Why healthy skin is important
Skin forms a natural barrier against allergens, viruses and bacteria, so it’s important to keep it healthy by keeping it hydrated
How skin works
It’s easy to take your skin for granted, but knowing more about how it works can help you understand how to keep it healthy by keeping it hydrated.
Skin acts as a natural barrier to the world around you and protects your body from allergens, viruses and bacteria, it also:
- Helps to control your body temperature
- Plays a big part in sensations like touch, pain and pressure
- Produces vitamin D, for a healthy immune system and strong teeth and bones
Skin is made of three layers that form a protective barrier between the body and the environment:
- The epidermis – your skin’s thin but tough outer layer
- The dermis – which contains tough connective tissue, hair follicles and sweat glands
- The subcutaneous layer – the deepest layer made from fat and connective tissue
Your epidermis is the outermost layer of your skin and plays a big part in keeping it healthy. The very top layer of the epidermis is called the stratum corneum. It's relatively waterproof and, when undamaged, acts as the barrier that prevents most bacteria, viruses and other foreign substances from entering the body. To maintain the stratum corneum, the body makes new skin cells in the lower levels of the epidermis, which move up through the stratum corneum over a period of 21–28 days. As these skin cells reach the top of the stratum corneum, they harden, die, then flake off and are replaced by newer cells pushed up from below.
Healthy skin is like a cobbled path – the stones (skin cells) are held together snugly, with natural oils (lipids) filling the gaps between the cells. This forms the skin’s natural protection barrier keeping moisture in and irritants out.
Dry skin is more like crazy-paving. The cells have less moisture in them or the lipids holding cells tightly together are lost or damaged. This weakens the skin’s barrier, so more moisture can get out, making it even drier.
When your skin’s protective barrier is weakened, it means more irritants can get in. These irritants can cause inflammation of your skin and make it itchy. But the more you scratch and irritate your skin, the more your skin will release chemicals that cause it to itch – this is called the itch-scratch cycle. If you keep scratching, it can cause further damage to the skin’s barrier, making it even drier and itchier over time.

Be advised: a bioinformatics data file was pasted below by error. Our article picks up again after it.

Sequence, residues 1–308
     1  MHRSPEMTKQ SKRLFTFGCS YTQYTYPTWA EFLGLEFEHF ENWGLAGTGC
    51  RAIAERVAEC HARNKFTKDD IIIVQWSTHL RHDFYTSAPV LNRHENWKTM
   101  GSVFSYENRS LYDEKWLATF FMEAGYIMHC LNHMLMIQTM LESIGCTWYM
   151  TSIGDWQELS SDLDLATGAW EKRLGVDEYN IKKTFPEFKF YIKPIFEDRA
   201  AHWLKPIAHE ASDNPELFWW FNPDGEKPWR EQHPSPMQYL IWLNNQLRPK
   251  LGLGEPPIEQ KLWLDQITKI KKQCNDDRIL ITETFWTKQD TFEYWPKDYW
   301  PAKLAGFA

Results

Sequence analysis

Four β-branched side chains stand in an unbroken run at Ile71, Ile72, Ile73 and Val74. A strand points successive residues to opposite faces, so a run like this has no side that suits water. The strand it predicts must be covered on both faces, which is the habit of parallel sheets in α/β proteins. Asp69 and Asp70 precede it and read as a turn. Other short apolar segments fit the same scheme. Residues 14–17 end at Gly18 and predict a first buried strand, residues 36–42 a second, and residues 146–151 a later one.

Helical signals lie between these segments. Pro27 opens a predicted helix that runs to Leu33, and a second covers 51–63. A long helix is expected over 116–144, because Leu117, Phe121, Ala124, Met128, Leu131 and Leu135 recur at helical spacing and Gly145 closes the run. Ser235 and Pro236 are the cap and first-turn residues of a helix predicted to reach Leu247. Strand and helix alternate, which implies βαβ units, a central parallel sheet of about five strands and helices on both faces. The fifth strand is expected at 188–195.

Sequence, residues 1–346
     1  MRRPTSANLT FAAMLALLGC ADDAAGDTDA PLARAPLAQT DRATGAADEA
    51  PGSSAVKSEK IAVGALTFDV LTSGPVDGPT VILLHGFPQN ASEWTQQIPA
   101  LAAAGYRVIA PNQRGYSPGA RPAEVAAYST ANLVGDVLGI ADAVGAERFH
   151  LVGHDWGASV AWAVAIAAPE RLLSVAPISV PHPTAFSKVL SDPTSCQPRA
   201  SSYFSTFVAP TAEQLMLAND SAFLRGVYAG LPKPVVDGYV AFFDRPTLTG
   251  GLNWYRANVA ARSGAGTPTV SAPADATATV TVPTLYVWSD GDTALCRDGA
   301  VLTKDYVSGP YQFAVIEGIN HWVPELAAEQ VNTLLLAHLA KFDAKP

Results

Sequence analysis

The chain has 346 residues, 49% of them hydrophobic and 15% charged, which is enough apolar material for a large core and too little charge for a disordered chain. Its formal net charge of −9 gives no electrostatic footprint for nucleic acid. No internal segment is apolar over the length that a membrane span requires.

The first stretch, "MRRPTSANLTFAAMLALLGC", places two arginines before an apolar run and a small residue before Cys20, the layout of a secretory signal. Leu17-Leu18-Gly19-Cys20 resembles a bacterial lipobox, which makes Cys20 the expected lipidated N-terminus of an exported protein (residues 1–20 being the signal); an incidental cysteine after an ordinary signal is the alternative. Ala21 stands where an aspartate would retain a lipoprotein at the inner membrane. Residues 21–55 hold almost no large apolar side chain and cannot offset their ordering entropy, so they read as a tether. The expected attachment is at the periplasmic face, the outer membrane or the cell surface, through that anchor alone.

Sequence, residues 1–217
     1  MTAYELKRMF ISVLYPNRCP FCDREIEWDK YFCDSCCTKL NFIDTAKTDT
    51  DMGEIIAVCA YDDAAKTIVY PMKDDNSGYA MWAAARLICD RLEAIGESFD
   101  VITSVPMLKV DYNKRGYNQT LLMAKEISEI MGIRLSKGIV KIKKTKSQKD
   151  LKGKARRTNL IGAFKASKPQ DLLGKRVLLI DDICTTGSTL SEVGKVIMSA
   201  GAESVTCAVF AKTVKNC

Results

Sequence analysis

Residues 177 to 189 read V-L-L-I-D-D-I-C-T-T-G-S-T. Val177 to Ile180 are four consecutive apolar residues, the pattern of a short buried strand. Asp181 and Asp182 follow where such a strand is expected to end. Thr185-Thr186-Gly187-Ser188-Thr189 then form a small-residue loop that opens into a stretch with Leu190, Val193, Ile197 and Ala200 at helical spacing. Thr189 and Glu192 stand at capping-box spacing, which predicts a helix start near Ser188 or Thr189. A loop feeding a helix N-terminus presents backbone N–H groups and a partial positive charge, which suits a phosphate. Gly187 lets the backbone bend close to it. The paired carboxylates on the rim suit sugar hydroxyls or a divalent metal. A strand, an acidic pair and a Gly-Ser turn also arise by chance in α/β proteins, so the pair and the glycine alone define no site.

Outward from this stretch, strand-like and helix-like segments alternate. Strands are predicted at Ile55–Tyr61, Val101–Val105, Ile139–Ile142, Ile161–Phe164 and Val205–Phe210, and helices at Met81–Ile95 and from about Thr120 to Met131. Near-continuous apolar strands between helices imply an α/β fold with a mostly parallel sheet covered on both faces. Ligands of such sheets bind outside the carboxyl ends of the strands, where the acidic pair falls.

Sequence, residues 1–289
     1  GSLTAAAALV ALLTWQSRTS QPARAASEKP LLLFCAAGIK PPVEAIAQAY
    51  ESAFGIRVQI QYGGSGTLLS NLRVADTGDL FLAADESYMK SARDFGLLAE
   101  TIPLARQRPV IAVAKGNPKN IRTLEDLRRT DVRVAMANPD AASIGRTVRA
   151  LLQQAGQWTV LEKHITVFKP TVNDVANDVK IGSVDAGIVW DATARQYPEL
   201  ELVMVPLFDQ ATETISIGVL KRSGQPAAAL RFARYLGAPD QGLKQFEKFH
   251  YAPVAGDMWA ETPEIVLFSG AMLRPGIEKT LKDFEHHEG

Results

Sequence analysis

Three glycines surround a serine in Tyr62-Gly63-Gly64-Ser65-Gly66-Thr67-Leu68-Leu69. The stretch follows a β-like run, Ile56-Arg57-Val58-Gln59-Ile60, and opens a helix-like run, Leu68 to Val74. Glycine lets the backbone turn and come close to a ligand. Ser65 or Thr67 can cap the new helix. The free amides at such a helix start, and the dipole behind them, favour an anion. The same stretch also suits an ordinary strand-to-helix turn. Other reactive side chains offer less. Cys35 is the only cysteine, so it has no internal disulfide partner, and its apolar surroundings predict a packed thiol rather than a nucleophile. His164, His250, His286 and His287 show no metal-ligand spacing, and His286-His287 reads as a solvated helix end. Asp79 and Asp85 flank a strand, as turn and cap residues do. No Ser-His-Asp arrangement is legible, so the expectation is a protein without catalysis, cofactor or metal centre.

To help maintain the natural barrier of dry skin, you need to keep it hydrated and healthy. Actively moisturising your skin can help it retain more moisture by:
- Replenishing your skin’s natural oils (lipids) that can trap water in between your skin cells and prevent it from getting out
- Supporting the role of natural moisturising factor (NMF) by enhancing your skin’s ability to attract and hold on to water
- Maintaining your skin’s naturally acidic pH that can affect the function of its skin’s protective barrier
You might have noticed that your skin feels different from day to day, week to week and year to year. Or that things like the weather, stress or humidity can affect your skin. If you experience dry or itchy skin, it can be hard to predict how your skin will be feeling on any given day.
Many people find they can help to manage their skin by building a skincare routine that fits into their daily life. Because your skin goes through different phases at different times, understanding how and why your skin becomes dry can help you adapt your routine to deal with any changes.
Flare up phase:
This is when the skin feels more itchy, red or scaly than usual. It can be caused by lots of different things – you might have an idea of what’s made your skin worse or you might not. In this phase, your skin might need more attention and you might have to tailor your routine accordingly.